Capitalism – Driving Us To Destruction
• January 1993, Bradford: van driver killed by runaway lorry. Lorry’ owners subsequently fined £4,500 for failing to maintain the vehicle’s brakes.
• September 1993, near Leeds: two killed and five injured by a lorry which crashed through the central reservation of the M62. Lorry owners fined £6,500 for failing to maintain the vehicle’s brakes.
• September 1993, East Yorkshire: a schoolgirl and the driver of a school bus killed when a lorry collided with said bus. Lorry owners face prosecution for failing to maintain vehicle’s brakes.
• September 1993, Sowerby Bridge, West Yorkshire: six people killed by 30-tonne truck. The owners — fined £5,000 for failing to maintain the vehicle’s brakes — have applied for their operator’s license to be renewed. Despite an inquest verdict of unlawful killing, the Crown Prosecution Service have decided that there is insufficient evidence for a corporate manslaughter charge.
Spotted the similarities yet?
For one thing, they are all genuine cases, recently picked up again by the local press because they have either just come to court or are being used by some reformer campaigning for better road safety.
For another, the owners in each case look like getting away with murder. And it looks a lot like said owners have a bit of a thing about not maintaining the brakes on their vehicles.
But take a look at this next lot . . .
• July 1994: Avon & Somerset police conducted spot-checks on coaches travelling on the M5. Of 236 vehicles inspected, 118 had defects. Three — with exhaust and oil-leak problems — were banned from going any further. Thirty-one prosecutions are being considered.
• June 1994: West Yorkshire police spot-checked 98 HGVs on the M62. Sixty percent were defective, with 34 having to be ordered to effect immediate repairs.
• June 1994: police spot-checked 104 vehicles of all types near Halifax. Forty-six had defects.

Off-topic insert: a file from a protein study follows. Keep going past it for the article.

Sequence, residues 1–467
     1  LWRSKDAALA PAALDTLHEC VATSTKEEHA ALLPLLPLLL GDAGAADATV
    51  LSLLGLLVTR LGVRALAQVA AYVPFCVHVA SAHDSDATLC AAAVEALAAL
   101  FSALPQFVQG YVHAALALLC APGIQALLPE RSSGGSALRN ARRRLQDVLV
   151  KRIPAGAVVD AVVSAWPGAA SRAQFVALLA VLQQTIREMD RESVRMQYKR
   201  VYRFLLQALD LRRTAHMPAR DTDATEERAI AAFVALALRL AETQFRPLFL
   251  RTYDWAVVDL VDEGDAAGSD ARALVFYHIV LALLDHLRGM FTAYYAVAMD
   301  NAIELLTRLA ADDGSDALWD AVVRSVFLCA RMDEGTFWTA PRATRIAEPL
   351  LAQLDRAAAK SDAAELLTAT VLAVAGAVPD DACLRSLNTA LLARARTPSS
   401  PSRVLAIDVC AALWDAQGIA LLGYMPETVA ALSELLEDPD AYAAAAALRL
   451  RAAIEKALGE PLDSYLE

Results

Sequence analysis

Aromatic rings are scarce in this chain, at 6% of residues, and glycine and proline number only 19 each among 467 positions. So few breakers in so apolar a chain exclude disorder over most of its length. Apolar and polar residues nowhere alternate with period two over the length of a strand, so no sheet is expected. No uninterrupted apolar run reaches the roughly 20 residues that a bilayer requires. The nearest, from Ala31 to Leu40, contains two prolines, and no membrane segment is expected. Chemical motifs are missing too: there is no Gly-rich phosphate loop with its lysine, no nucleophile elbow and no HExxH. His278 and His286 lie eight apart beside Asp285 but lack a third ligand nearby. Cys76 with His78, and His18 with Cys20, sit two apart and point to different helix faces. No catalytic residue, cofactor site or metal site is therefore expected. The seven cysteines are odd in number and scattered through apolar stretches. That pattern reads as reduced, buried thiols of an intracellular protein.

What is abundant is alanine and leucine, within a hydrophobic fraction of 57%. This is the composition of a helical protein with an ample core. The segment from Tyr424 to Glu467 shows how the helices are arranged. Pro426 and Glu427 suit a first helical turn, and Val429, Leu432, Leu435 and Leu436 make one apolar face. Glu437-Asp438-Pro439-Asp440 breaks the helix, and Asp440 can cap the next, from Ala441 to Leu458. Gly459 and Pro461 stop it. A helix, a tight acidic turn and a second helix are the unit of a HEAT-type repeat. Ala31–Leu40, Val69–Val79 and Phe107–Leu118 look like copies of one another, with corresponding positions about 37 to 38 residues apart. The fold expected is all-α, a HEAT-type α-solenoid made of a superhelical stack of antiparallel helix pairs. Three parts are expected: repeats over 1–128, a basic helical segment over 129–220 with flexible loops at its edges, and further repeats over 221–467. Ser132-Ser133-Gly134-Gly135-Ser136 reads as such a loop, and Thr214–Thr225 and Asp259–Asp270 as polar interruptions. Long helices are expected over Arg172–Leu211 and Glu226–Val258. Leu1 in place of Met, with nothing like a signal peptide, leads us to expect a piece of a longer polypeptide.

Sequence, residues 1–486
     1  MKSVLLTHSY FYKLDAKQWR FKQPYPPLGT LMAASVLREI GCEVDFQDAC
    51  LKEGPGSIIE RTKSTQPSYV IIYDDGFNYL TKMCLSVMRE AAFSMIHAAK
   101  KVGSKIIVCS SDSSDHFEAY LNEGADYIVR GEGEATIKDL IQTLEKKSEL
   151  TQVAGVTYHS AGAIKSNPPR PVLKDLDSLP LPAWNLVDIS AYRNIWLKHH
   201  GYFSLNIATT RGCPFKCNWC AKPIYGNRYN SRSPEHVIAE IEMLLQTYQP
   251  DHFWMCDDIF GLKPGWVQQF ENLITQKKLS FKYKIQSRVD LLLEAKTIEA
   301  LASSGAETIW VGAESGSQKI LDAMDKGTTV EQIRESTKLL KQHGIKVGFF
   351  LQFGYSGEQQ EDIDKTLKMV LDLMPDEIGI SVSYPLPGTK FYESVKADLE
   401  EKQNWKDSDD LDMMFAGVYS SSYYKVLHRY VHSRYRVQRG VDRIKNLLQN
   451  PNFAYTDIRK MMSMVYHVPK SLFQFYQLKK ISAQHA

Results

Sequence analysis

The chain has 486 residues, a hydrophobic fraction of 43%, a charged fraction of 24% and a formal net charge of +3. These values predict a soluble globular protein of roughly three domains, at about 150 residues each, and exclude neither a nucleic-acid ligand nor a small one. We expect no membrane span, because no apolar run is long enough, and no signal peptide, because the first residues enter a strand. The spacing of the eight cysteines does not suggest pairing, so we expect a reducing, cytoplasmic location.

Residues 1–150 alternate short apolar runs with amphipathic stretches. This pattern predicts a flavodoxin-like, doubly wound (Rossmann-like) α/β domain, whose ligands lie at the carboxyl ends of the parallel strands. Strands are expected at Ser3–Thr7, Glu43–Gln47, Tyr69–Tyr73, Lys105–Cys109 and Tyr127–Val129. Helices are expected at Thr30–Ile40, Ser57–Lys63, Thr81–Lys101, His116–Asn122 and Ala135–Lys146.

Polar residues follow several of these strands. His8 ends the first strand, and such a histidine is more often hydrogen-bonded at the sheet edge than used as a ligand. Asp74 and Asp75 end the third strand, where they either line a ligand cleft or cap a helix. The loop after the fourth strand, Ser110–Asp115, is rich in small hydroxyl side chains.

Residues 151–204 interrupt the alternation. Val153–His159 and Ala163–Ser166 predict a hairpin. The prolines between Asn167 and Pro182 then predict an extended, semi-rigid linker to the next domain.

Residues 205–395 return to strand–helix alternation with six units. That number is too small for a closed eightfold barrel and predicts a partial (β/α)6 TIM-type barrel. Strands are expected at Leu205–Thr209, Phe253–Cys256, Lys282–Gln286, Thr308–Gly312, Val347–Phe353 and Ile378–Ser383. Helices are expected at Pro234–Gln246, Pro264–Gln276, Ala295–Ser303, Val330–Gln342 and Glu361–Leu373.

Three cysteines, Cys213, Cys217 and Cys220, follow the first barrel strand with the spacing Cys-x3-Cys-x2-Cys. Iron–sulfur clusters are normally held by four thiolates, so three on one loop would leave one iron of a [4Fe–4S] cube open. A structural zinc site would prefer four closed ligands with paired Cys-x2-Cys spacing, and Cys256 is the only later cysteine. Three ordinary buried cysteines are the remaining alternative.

. . . so it is not just brakes on lorries in Yorkshire in 1993!
According to the Department of Transport (DoT) there were 902 deaths on the roads during the first three months of 1994, as well as over 10,000 serious injuries.
Readers may be tempted to think that lorry, bus and car owners are, by nature, deliberately murderously negligent — that they like nothing better than seeing drivers and innocent bystanders alike killed or maimed. But the truth is that vehicle owners and drivers are not psychopaths — it is profit that is the real culprit here.
Car drivers all too often simply cannot afford to properly maintain their vehicles, or cannot take the time off work to get their cars checked. And cost is a major factor for lorry and coach owners too. At the same time, a lorry or coach which has to be checked and repaired is off the road for a day or more, which means it is not earning money for its owners. Which means that the vehicle is not making a profit for the shareholders of the haulage or passenger transport company.
Road safety campaigners argue that individuals should be held responsible for their vehicles, and prosecuted. But as with all types of reform, this is to try to treat the symptoms, not the root cause. The competition for profit leads to companies cutting comers on safety as surely as night follows day.
The same people also call for stiffer regulations, and more resources for those organisations responsible for enforcing them. But here too the profit motive overrides safety. The Vehicle Inspectorate, an agency with the Department of Transport which is responsible for ensuring the roadworthiness of goods and passenger vehicles, has just announced that it will cut 26 percent of its staff over the next three years. As the examples cited above show, this is certainly not because there is not enough work for it to do. In a Parliamentary answer, the DoT revealed that, of 218,648 HGVs and PSVs inspected throughout the country during 1992/3, 22 percent were found to be defective. It is because the Government ordered the agency (along with other parts of the DoT, including the Marine Safety & Driving Standards agencies) to cut 20 percent off their costs. Why? To help deliver tax cuts. Taxes cut into profit margins, after all.
At the same time, the Government aims to “reduce the burden on business” by ending the practice whereby haulage and passenger transport companies have to renew their operator licences every year (cf. The Deregulation & Contracting-Out Bill, currently wending its way through parliament). And for the same sorts of reasons the Government is dragging its feet over implementing recommendations, made in the wake of the recent M40 minibus crash and similar disasters, that coaches should be fitted with seat belts.
Everybody wants to see an end to the slaughter on our roads. But while pursuit of profit is the primary consideration, drivers will continue to fall asleep at the wheel, coaches will keep travelling at 80 mph in the outside lane, wheels will go on shearing off lorries. Capitalism will continue to kill people.